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“We point to Little Rock as a model within the region and country as a community that works together to get things done,” Ron Curry, Region 6 administrator for the U.S. Environmental Protection Agency said at the grand opening of the Little Rock Main Street Creative Corridor.

The Creative Corridor, a collaborative project that has been three years in the making, officially opened Sept. 14. The corridor is a development project aimed at restoring the vitality of Main Street one block at a time using economic development stimulated by the arts. At the end of Phase I, the corridor is already becoming a mixed-use, work-live environment. The foundation of the corridor rests on two architectural theories: creative placemaking and Low Impact Development (LID).

Creative placemaking efforts are transforming the corridor into a downtown hub that supports a great level of pedestrian activity, sociability, recreation and aesthetics. Prior to the corridor’s construction, Little Rock suffered from a dispersed cultural landscape. “The city convinced the scattered cultural organizations to move to a district of four blocks,” said Professor Stephen Luoni of the University of Arkansas School of Architecture and director of the UA Community Design Center (UACDC), referencing Ballet Arkansas, the Arkansas Symphony Orchestra and the Arkansas Repertory Theatre, among others.

The impetus behind the placemaking efforts is the idea that the street can be a place of its own, Luoni said, adding that the urban setting of Main Street could bring back social interaction.

LID efforts also underpin the Creative Corridor project. Luoni, who directed production of the UACDC’s award-winning book “Low Impact Development: A Design Manual for Urban Areas,” posed a set of questions about Main Street: “What if the street was an ecological asset? What if the street became a biological filter?”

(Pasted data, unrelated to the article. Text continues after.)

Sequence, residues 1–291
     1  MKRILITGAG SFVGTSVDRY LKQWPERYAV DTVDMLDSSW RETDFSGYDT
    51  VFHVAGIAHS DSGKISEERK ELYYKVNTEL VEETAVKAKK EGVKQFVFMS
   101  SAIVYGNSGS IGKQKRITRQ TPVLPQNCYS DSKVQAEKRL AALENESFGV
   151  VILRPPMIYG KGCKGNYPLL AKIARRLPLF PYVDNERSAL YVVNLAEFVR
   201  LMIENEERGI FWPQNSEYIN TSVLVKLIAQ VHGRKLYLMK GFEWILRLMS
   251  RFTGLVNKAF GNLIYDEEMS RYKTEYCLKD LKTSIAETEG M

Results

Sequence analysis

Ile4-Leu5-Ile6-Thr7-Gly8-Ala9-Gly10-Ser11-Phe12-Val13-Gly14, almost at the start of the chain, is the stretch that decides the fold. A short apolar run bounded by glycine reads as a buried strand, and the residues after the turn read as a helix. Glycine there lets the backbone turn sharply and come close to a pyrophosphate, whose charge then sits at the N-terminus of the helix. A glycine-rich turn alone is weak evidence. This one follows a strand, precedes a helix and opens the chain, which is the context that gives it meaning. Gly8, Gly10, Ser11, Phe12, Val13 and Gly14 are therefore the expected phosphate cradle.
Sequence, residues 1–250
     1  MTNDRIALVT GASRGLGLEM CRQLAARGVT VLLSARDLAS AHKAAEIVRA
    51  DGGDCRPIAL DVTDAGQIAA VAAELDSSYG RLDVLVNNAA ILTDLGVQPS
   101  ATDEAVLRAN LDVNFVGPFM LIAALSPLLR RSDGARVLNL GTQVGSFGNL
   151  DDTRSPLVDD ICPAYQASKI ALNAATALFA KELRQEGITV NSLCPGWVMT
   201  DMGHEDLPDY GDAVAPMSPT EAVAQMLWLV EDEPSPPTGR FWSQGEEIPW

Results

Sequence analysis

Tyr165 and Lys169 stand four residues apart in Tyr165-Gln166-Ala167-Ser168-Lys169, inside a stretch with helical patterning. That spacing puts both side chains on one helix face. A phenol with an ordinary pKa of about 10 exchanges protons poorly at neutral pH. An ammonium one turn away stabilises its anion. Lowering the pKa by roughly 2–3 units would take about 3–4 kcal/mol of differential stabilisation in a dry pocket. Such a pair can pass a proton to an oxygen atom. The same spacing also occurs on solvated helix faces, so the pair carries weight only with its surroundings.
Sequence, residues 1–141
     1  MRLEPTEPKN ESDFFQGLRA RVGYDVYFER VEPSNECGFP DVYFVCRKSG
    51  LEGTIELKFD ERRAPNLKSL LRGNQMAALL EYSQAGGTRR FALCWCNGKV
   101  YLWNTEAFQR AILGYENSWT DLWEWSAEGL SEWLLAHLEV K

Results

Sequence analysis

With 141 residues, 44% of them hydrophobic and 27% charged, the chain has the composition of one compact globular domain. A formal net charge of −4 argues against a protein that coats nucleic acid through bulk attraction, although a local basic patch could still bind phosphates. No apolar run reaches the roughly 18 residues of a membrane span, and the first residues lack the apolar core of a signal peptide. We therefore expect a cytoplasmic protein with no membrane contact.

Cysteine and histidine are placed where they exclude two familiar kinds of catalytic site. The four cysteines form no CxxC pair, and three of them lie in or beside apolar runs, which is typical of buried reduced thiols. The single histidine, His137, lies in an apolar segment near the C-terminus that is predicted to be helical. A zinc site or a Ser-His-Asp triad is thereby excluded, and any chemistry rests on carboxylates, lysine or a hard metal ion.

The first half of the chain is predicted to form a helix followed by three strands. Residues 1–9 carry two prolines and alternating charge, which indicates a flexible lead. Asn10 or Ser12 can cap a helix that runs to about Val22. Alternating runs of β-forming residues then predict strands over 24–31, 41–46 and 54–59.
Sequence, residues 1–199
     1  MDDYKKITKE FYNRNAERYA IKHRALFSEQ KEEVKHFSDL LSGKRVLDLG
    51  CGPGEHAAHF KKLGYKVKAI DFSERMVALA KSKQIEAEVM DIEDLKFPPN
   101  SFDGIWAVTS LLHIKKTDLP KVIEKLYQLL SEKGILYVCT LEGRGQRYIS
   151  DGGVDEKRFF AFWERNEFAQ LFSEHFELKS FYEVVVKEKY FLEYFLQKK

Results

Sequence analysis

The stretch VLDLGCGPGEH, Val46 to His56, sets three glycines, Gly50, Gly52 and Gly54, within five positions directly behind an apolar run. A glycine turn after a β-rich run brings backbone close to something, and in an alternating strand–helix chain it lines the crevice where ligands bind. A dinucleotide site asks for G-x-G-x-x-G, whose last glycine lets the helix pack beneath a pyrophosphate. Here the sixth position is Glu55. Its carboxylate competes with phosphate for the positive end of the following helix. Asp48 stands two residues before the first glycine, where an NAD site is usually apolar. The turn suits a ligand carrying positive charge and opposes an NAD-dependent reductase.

In an effort to create a pedestrian-friendly, sustainable streetscape that incorporates LID features, national experts on LID from the UACDC worked with engineers from Crafton Tull. The LID project utilized funding from the Environmental Protection Agency, administered by the Arkansas Natural Resources Commission.

LID land development techniques work with nature to manage rainwater as close to its source as possible. The 100, 200, 300 and 500 blocks of Main Street utilize different combinations of LID techniques to transform Main Street into an environmentally friendly street.

An increasing number of public, private and nonprofit groups have already invested in Main Street in recent years, led by the Downtown Little Rock Partnership. It is estimated that more than $100 million in public/private investment has been made or committed. A total of $2,250,846 in Federal and city funds have gone toward the construction and engineering of Low Impact Development elements. Initial planning and design for the Creative Corridor was funded by a 2011 Our Town grant from the National Endowment for the Arts.